Tax cuts can be used to stimulate demand by consumers or by businesses (or by both).
“Demand side” tax cuts are intended to encourage or empower consumers across the entire income scale, to spend. Such tax cuts are intended to put money into consumers’ pockets that they will spend, and, in turn, help businesses grow through sales, and, thus, encourage businesses, as a consequence, to invest in their businesses by hiring more people, and buying more equipment and machinery, and make other growth-oriented investments in their businesses, so that they can feed the growing demand. This, in turn, may lead to more jobs, and then even more and more demand.
Tax cuts designed to encourage business spending are known as “supply side” tax cuts- also referred to as “trickle down” economics (a term used by some- generally, Republicans- to describe why stimulating the supply side of the economy to spend to stimulate business demand, has the most effective multiplier effect for the economy, while used by others- generally Democrats- as a pejorative to indict tax cuts that are, allegedly, designed to only benefit the rich.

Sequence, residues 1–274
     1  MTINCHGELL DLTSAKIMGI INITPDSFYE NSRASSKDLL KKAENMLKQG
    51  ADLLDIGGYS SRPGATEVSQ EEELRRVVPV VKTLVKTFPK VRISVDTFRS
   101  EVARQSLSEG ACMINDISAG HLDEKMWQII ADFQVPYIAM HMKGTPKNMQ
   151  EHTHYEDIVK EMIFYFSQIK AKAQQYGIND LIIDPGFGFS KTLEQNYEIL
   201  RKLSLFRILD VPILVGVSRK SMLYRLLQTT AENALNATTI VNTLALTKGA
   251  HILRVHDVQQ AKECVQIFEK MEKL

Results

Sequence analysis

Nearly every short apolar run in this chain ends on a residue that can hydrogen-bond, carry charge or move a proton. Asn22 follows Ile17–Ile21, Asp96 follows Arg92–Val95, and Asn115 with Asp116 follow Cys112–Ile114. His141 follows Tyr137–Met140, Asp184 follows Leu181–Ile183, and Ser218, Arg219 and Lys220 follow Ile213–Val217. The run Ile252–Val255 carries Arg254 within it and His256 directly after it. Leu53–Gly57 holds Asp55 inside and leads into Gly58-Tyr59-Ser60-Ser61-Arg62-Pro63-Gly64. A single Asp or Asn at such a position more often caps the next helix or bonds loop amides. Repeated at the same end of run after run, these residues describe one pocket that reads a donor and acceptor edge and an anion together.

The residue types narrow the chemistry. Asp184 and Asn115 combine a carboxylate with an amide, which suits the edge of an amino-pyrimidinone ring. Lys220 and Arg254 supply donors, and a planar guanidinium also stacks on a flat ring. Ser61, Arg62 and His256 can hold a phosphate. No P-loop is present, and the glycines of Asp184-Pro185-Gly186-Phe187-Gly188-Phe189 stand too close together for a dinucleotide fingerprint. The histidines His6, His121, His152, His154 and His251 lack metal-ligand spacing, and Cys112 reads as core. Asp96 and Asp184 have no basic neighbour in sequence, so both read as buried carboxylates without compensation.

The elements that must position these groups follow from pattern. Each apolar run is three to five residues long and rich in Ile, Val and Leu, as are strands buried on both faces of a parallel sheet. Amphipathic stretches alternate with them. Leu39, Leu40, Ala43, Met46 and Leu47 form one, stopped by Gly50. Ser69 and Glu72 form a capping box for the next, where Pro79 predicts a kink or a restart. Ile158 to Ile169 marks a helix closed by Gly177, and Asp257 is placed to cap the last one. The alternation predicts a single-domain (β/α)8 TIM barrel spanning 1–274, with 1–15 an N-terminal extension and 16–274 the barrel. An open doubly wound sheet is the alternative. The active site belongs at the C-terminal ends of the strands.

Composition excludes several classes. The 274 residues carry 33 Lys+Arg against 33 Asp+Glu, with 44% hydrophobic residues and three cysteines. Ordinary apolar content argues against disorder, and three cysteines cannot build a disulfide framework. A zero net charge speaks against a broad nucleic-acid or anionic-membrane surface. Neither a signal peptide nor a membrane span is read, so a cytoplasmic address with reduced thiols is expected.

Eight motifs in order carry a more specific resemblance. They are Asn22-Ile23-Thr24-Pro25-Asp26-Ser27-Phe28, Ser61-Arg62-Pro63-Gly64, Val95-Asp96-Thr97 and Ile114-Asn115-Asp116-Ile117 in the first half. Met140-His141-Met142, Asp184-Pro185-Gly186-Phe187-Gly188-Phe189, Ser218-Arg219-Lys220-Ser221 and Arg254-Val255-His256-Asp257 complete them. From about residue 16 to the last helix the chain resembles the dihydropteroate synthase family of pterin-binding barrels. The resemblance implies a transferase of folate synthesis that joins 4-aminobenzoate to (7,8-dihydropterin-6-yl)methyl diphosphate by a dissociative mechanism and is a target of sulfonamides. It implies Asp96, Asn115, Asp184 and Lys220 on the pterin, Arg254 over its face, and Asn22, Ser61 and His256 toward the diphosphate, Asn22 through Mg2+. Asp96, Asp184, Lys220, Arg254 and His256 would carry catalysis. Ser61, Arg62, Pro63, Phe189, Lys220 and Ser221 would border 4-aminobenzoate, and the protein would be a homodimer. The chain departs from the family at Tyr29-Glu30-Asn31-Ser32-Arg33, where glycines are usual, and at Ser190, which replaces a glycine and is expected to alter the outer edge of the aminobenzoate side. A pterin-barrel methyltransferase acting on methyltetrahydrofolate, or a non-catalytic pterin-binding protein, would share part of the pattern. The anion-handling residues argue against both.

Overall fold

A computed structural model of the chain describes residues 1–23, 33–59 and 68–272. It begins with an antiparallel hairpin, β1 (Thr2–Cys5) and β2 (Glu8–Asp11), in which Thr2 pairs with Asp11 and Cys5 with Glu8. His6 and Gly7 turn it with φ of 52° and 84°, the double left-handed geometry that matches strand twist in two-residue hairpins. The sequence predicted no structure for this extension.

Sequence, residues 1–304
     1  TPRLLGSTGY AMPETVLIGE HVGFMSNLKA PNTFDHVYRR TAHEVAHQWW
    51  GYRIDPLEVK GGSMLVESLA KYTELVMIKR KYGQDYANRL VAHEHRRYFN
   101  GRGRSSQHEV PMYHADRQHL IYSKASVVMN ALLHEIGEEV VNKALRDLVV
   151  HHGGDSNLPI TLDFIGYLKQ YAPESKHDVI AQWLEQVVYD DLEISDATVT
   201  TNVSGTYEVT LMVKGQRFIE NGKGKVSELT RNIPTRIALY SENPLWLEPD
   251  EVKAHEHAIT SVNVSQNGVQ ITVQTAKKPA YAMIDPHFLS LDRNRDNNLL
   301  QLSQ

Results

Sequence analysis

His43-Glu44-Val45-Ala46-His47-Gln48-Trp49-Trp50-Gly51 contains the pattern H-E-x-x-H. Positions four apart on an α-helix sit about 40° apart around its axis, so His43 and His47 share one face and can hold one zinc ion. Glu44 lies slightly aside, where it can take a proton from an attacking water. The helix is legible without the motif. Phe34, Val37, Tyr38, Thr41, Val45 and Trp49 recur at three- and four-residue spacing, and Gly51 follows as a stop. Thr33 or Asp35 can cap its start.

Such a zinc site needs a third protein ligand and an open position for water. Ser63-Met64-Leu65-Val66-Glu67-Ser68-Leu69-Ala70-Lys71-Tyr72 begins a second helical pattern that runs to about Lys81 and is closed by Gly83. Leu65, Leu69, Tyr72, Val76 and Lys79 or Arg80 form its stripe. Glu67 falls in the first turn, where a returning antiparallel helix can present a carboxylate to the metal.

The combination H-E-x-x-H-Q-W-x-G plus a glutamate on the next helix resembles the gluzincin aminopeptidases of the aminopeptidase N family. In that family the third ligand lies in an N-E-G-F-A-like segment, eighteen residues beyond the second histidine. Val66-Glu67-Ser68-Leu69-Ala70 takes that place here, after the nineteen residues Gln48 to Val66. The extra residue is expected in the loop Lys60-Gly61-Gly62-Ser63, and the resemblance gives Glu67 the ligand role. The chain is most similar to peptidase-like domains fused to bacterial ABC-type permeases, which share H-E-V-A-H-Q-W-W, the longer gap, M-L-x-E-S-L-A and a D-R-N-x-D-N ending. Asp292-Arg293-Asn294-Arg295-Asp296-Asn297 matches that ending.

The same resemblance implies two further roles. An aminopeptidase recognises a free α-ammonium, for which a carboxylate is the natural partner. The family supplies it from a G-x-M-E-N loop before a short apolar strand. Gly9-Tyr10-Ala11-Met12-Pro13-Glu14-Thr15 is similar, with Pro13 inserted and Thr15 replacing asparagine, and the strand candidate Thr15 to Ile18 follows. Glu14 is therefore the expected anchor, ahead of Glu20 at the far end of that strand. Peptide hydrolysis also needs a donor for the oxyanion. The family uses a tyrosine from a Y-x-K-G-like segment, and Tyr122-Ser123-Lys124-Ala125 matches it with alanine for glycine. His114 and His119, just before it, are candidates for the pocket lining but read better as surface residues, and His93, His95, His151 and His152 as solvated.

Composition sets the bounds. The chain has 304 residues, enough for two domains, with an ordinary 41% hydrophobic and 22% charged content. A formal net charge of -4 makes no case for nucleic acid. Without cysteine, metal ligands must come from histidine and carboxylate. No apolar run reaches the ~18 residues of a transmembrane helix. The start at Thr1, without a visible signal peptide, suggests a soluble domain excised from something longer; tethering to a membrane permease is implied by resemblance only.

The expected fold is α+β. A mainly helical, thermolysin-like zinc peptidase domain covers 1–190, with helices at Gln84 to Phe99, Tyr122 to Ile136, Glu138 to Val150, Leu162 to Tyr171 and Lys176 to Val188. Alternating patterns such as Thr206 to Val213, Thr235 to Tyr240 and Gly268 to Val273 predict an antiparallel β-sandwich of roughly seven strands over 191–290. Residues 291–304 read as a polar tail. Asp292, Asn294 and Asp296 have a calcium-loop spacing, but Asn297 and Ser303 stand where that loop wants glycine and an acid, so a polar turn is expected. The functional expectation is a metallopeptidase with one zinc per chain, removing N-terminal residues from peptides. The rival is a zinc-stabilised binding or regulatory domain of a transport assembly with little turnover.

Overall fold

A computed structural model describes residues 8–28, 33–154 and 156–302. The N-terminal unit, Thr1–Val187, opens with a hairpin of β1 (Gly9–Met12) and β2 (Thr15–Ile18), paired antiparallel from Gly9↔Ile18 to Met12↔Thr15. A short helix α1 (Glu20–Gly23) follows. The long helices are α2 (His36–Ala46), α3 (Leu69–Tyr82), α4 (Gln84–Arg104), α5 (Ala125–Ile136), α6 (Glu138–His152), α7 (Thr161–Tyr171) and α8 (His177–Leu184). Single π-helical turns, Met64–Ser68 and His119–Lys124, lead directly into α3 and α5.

While supply side tax cuts are intended to spur business demand and spending, they are also intended (at least, this time) to encourage companies to share the benefits, the higher earnings, with employees, in the form of wage increases, thus, putting more money in employees’/consumers’ pockets and spurring consumer demand. But, to be sure, it is expected and hoped that businesses will not “only” give raises and salaries and “all” of their respective tax cut benefits to the demand side, but, rather also invest in internal “growth” initiatives to give the multiplicative benefit that supply side tax cuts should provide. Otherwise, lawmakers would give the tax cut directly to the demand side.